We’ve all been there, when work is so overwhelming that it feels like there’s no time for anything else. We make promises (it’ll be different when this project is done) and we make excuses (this matter needs my full attention and I couldn’t possibly shortchange my client by spending time elsewhere). Especially for reluctant rainmakers, both are the currency of justification.
If making promises and excuses won’t cut it (and for the serious professional, it won’t), what should you make? Allowances. When busy-ness is real (and often in practice it is), determine what business development activity you will commit to while you’re swamped, and then make that happen. It’ll be less than your ordinary level of activity (that’s why it’s an allowance), but you’ll at least hold your own and most likely progress with your plans. Most importantly, you won’t have the pressure of the constant restart.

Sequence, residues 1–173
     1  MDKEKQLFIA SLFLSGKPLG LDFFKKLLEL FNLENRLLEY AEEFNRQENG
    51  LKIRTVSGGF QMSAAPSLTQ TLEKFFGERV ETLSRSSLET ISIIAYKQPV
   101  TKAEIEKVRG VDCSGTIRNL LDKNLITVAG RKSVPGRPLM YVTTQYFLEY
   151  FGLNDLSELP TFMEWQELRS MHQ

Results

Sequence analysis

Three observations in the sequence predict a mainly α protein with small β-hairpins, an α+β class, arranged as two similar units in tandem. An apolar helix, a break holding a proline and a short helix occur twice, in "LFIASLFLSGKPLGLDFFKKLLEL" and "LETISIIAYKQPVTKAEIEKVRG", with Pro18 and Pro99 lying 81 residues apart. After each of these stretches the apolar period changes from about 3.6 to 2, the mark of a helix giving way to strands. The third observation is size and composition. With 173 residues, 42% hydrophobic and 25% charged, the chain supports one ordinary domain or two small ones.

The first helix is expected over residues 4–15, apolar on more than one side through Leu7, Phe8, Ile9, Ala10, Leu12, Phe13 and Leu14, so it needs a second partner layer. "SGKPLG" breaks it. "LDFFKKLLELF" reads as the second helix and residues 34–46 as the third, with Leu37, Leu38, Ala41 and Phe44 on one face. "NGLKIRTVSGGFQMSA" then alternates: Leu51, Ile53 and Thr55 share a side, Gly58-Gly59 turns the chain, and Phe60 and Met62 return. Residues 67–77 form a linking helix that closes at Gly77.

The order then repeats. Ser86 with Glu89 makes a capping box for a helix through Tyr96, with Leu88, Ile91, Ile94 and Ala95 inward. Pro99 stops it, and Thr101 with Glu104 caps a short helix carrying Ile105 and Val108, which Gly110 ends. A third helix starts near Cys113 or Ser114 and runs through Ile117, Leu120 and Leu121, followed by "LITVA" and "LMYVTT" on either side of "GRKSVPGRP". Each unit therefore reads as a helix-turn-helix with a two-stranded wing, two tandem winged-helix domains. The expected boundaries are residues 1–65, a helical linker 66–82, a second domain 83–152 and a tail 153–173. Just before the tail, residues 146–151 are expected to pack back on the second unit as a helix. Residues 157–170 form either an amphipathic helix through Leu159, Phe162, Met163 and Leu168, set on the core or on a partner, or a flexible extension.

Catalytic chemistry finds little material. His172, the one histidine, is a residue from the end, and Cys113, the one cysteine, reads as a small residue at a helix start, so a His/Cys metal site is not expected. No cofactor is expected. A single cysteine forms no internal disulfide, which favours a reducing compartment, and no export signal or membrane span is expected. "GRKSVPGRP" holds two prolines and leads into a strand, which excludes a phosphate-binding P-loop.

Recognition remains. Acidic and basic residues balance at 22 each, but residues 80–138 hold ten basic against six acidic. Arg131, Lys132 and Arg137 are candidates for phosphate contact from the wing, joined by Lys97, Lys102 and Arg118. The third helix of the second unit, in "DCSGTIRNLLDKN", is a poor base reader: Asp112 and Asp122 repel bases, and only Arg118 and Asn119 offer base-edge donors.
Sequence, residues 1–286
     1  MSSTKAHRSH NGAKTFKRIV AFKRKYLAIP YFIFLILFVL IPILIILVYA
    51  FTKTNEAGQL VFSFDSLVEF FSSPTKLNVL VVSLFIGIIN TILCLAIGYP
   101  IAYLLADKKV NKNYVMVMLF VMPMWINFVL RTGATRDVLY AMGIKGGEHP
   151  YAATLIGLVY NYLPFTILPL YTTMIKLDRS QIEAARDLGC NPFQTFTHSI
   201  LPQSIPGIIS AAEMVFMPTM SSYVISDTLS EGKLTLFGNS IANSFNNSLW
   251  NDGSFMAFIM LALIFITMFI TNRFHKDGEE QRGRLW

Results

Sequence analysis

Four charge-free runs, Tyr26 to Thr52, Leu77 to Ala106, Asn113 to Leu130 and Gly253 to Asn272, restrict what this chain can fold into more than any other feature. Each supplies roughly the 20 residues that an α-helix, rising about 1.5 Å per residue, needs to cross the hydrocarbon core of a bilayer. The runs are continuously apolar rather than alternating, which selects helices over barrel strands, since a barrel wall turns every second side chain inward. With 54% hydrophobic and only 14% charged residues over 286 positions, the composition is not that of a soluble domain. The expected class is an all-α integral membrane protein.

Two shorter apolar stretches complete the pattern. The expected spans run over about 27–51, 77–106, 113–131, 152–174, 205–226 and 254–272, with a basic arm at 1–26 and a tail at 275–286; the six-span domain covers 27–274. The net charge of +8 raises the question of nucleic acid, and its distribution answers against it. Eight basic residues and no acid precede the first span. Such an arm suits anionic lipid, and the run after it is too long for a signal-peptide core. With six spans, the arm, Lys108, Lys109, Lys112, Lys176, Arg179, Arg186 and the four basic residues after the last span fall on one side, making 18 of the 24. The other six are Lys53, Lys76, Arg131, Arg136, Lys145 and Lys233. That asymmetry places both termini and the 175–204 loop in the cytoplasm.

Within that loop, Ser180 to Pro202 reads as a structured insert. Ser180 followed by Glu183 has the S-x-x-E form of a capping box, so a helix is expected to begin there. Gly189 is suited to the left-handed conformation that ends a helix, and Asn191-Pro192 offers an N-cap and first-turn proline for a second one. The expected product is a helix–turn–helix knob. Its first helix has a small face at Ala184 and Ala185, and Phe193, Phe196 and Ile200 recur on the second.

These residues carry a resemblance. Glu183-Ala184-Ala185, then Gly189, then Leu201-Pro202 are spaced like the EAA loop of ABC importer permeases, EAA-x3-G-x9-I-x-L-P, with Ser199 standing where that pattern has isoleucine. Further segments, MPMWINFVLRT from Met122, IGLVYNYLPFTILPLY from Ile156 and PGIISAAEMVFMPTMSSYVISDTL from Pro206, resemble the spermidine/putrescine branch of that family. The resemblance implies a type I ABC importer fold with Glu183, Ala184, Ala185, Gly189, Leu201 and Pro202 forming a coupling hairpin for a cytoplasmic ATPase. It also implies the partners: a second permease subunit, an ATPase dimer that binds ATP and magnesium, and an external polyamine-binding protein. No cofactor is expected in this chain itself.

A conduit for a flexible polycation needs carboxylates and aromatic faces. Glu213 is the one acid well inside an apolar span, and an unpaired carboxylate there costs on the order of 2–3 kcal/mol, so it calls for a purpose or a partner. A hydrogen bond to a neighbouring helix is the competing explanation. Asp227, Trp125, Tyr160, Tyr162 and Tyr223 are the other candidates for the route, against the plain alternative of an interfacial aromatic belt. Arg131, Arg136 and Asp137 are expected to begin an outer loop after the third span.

I read a terrific quote on this point this week from David Maister’s seminal True Professionalism.
If you ever allow “busy” to knock you off course, I recommend that you place this quote where you’ll see it at least daily:
“What you do with your billable time determines your current income but what you do with your non-billable time determines your future.”
Here’s to your present and your future.